Scarab Lords: Rules

INTRODUCTION
The Dark Pharaoh has fallen, and the land of Hekumet has plunged into chaos. All along the Great River, from the upper cataracts to the lower delta, the Great Houses are vying with each other for control of the realm. In the end, only one House will claim supremacy over all of Hekumet. Will it be yours?
 

Object of the Game

Scarab Lords is a two-player card game in which each player takes on the role of a noble house trying to control the realm. The land of Hekumet is divided into two regions (upper and lower Hekumet), and each region is divided into three areas of conflict called columns (military, religious, and economic). To win the game, you must have supremacy in two of the three columns in both regions. You also win the game if your opponent runs out of cards in his or her deck.

Components

Board: This is placed between the players.
Scarab Counters: These are placed on cards when they are cursed, and removed from cards when they are uncursed. (Cursing and uncursing are explained below.)
Pyramids: These are used to keep track of which player has supremacy in each area of conflict. (Supremacy is explained below.)
Cards: There are 84 cards, divided into two 30-card game decks and one 24-card bonus deck (which is only used in the advanced game).
 

The Board

The board represents the land of Hekumet, and is divided into two regions (upper and lower Hekumet). Each region is further divided into three columns (military, economic, and religious) representing the three areas of conflict. There are six columns on the board: three in upper Hekumet, and three in lower Hekumet.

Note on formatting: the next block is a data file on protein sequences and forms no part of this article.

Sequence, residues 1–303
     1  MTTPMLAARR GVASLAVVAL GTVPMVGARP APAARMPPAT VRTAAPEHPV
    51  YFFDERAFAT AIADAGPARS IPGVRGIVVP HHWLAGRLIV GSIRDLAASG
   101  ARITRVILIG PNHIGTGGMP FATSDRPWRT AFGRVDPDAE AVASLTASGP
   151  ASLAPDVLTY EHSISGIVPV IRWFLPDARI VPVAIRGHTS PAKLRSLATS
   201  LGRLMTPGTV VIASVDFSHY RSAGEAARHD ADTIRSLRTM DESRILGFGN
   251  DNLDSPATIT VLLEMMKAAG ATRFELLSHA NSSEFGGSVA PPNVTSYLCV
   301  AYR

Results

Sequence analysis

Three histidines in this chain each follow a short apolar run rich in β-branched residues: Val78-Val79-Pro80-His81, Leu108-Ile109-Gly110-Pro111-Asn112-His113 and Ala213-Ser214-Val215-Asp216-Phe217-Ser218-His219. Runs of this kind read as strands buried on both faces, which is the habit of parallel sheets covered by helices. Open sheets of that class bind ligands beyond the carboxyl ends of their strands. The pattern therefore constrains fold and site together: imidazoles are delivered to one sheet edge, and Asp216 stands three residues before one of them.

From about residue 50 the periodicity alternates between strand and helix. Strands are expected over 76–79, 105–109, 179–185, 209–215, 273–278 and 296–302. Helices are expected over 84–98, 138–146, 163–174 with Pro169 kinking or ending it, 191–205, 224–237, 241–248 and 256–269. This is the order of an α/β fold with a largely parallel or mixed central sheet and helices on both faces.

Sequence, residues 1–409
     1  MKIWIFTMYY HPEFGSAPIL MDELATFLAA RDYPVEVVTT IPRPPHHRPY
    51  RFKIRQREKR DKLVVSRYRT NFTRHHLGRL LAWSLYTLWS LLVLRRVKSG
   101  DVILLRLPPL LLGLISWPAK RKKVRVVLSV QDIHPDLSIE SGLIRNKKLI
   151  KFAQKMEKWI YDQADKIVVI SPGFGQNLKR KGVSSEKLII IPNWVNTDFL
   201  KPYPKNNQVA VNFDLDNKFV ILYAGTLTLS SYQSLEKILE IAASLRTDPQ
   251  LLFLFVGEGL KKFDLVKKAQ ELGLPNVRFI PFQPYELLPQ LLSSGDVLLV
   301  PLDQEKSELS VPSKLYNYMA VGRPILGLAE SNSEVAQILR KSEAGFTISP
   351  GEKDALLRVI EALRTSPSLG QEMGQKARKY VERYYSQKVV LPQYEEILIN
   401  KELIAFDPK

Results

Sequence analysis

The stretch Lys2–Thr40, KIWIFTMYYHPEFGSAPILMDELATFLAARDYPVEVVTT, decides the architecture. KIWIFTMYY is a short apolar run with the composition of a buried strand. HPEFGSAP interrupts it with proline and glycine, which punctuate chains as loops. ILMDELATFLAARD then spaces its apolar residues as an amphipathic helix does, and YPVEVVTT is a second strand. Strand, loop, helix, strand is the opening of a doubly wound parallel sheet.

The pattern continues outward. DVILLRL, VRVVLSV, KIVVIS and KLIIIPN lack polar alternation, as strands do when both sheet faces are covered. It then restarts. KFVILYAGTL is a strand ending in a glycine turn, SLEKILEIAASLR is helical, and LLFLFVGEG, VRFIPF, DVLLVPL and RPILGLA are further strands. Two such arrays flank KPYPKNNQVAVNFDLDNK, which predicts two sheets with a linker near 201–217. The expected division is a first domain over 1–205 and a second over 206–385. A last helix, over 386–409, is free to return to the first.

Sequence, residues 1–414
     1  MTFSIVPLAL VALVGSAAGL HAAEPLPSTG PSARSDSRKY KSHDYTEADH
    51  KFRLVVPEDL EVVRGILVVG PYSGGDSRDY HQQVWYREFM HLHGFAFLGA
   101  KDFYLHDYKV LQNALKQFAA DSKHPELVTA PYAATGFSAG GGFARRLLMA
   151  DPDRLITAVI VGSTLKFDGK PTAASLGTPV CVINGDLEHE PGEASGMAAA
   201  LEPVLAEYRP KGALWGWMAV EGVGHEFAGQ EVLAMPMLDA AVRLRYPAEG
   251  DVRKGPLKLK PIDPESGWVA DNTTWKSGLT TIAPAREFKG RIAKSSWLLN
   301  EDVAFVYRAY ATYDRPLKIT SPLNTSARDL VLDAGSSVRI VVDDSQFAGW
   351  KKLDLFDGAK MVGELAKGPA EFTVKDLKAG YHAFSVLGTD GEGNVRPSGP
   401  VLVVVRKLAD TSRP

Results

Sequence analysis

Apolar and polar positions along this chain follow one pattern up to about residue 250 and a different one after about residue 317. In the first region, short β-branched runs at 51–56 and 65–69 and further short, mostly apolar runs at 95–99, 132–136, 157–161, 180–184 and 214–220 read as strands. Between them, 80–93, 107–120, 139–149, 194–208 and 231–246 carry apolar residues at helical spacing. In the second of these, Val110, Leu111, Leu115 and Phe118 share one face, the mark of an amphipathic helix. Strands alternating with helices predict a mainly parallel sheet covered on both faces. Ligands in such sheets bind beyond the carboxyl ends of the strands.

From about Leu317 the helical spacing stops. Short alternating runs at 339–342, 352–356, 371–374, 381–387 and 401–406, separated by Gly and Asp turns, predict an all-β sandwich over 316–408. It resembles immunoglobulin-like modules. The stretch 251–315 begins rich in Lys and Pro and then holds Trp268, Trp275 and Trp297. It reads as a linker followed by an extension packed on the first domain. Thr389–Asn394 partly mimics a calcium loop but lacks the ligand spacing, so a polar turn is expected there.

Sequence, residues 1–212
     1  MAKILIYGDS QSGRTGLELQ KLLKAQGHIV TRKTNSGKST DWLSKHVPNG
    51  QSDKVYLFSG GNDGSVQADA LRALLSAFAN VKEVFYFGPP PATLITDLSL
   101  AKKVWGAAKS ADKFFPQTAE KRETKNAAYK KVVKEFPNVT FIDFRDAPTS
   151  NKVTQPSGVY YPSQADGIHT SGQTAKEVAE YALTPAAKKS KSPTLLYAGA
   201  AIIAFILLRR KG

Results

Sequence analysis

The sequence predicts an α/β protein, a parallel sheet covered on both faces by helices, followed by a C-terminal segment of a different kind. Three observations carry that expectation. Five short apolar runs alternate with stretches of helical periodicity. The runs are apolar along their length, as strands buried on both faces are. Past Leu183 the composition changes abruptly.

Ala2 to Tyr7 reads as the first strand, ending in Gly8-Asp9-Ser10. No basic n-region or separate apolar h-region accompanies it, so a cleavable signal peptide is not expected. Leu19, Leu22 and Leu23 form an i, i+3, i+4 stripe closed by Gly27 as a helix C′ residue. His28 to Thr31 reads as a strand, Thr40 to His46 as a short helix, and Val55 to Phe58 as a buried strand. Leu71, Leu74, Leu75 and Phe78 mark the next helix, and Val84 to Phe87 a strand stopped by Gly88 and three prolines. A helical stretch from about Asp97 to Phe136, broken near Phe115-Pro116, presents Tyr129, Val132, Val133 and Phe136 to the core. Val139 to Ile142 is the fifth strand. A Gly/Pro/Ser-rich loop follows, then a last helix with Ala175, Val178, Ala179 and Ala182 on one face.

The Board

Upper Hekumet                                            Lower Hekumet

Economic Column – Religious Column – Military Column --- Gods --- Military Column – Religious Column – Economic Column

The Cards

The 30 blue cards belong to the House Ankar deck. The 30 red cards belong to the House Temet deck. The 24 white cards belong to the neutral bonus deck. Before beginning the game, arrange the cards into their three respective decks. The cards are divided into five types:
minions, buildings, leaders, gods, and fate.
 

Minion Cards

These cards represent the people and creatures that help your house in its bid for supremacy. Each minion card is played into one of the six columns and has a power rating. If you have the most power in a column, you achieve supremacy in that column. (Power and supremacy are explained below.) Once played, minion cards remain in play until removed.

Building Cards

Building cards represent the places of power in Hekumet. Building cards are played into columns and have power ratings, just like minion cards, but usually have higher power ratings and come into play with scarab counters on them. (Scarab counters are explained below.) Once played, building cards remain in play until removed.

Leader Cards

Leader cards represent the heroes, nobles, and wizards who serve your House. Leader cards are played into columns and have power ratings like minion and building cards, but you may only have one leader card in each column. Once played, leader cards remain in play until removed.

God Cards

These cards represent the favor of the gods of Hekumet and are played in the center of the board instead of a column. You may have no more than three god cards in play. If you play a fourth god card, you must discard one of your three god cards in play. Only one player may have god cards in play. If you play a god card, your opponent must discard all of his or her god cards from play.

Fate Cards